But above these economic benefits, it’s also been a massive, fundamental part of shaping culture. From santa, to Superbowl ads, it’s the fabric of our experience. (For better, for worse. For richer, for poorer).

And that it adds a real richness to the world. Brightening the airwaves, the supermarket shelves, public spaces and so on.

(Although very happy to debate this… At times the Attention Economy certainly pushes the boundaries of taste and decency and crosses boundaries. There are plenty of healthy challenges to this. From Sao Paolo banning outdoor advertising, to subvertising and the CATs example above.)

But by and large, the Attention Economy has had a sustainable, positive, win-win impact on the world we live and operate within. (Albeit while parking the broader capitalism and consumerism concerns).

Along the way, I worry that we’ve lost our way, and corrupted the Attention Economy into something different. — Herbert Simon, the economist who coined the concept of ‘the attention economy’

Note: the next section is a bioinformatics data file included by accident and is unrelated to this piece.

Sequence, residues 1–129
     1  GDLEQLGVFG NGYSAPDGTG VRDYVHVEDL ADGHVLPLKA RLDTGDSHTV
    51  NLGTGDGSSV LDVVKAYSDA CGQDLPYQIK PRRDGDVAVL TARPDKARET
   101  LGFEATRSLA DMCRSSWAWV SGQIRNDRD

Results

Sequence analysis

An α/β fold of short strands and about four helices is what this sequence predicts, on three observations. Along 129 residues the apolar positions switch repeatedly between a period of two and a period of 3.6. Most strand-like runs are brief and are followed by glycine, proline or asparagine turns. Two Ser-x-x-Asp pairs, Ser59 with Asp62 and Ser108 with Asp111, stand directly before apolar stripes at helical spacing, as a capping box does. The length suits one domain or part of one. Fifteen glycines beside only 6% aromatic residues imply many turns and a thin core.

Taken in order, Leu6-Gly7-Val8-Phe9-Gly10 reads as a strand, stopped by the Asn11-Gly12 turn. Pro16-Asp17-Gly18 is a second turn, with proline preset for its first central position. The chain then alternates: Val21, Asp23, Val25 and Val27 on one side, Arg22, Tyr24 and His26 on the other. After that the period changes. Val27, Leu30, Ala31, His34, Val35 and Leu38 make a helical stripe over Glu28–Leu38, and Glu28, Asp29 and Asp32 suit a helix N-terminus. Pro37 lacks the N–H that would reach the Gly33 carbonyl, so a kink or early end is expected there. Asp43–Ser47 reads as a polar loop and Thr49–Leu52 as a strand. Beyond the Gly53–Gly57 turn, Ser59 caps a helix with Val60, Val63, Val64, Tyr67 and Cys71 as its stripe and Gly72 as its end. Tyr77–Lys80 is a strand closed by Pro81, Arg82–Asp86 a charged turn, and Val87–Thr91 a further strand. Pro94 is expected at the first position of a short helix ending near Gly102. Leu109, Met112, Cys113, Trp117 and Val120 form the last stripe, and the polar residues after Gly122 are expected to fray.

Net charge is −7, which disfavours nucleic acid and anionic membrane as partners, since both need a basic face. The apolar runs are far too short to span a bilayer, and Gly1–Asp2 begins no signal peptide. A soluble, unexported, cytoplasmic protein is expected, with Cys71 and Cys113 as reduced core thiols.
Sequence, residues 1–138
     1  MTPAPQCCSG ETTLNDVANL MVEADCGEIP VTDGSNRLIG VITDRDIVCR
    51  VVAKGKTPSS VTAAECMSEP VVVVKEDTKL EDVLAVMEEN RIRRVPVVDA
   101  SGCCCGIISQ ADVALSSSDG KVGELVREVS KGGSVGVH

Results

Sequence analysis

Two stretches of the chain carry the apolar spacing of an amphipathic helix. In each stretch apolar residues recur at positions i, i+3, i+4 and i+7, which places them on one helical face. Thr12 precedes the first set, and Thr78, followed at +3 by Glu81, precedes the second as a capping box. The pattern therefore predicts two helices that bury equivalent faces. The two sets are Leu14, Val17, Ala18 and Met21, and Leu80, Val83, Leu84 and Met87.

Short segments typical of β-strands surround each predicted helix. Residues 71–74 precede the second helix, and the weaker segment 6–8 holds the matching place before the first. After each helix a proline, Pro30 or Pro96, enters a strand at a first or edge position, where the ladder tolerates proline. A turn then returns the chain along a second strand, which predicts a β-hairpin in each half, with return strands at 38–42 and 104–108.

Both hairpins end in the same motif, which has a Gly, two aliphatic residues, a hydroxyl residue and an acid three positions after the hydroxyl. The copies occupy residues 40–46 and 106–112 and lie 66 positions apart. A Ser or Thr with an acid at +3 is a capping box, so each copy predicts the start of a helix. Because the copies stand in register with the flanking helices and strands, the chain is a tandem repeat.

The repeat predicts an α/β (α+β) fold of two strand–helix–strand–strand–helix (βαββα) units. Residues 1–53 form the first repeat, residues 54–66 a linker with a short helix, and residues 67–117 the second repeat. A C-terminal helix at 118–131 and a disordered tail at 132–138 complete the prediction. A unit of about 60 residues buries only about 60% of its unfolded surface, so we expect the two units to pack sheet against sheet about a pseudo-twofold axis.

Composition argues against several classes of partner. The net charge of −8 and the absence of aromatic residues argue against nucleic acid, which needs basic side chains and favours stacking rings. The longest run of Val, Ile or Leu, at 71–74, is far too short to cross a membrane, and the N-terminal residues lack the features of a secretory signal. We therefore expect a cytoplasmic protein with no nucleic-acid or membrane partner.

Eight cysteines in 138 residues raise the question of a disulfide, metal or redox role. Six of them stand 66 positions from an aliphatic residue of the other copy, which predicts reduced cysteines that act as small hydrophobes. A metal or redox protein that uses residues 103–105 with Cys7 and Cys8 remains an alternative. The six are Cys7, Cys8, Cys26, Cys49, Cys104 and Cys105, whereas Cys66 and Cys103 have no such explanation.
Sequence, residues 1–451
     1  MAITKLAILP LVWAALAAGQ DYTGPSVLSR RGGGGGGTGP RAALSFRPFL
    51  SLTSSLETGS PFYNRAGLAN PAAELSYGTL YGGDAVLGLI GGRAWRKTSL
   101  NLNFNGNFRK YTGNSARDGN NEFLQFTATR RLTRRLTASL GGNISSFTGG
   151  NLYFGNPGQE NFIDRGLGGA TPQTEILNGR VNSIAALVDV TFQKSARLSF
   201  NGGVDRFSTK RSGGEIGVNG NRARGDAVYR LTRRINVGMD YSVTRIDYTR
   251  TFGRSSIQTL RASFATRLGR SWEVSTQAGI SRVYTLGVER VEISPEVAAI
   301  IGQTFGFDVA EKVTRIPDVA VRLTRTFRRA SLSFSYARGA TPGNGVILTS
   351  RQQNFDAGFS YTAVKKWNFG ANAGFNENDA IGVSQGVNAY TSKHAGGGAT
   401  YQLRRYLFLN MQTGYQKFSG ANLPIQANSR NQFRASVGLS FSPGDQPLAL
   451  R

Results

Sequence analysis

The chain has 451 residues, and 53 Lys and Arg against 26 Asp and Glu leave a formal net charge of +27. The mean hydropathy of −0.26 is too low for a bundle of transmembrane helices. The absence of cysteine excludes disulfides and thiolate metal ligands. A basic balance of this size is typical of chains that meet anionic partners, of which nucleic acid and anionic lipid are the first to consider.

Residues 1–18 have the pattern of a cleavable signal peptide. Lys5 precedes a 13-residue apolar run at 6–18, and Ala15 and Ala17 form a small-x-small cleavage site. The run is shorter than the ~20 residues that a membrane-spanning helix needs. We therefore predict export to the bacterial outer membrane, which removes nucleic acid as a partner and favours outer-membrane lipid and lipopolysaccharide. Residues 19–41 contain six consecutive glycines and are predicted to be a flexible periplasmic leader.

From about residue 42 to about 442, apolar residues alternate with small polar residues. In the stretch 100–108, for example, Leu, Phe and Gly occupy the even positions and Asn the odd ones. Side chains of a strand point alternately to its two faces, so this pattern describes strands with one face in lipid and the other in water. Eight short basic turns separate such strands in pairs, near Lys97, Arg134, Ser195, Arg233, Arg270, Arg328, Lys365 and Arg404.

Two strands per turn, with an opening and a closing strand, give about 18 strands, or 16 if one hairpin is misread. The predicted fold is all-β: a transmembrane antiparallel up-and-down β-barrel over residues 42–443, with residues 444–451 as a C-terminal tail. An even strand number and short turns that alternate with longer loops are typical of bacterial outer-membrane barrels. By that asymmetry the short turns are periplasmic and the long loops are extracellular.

Because the underlying resource, ‘attention’ isn’t infinitely divisible. It’s something finite.

In the gold rush mentality of the digital explosion, the winner-takes-all chase to capture the most attention led us to ‘move fast and break things’.

And guess what? Turns out we broke things.

And in doing so, we’ve accidentally created The Distraction Economy.

Like with the original gold rush, everyone keeps digging even once the gold has run out.

This can be the case especially with attention, where it’s easy to imagine it as an infinite thing. This has led to a lot of behaviours trying to chase those last little drops of attention at the bottom of the well.

It’s led to a boom in persuasive design tactics. The rise of data, UX design and optimisation means that many experiences are being designed to squeeze out more attention.

From pull-to-refresh, to notifications, to endless scrolling. These can all be used to ‘hack’ our attention, contributing to the Distraction Economy.

Ultimately wringing out every last bit of attention with these deceitful and dodgy clickbait tactics.

And it’s psychologically tuned to tap into our deep-seated worries and anxieties. Preying on our insecurities to get that click.

All coming together to try and harvest more minutes.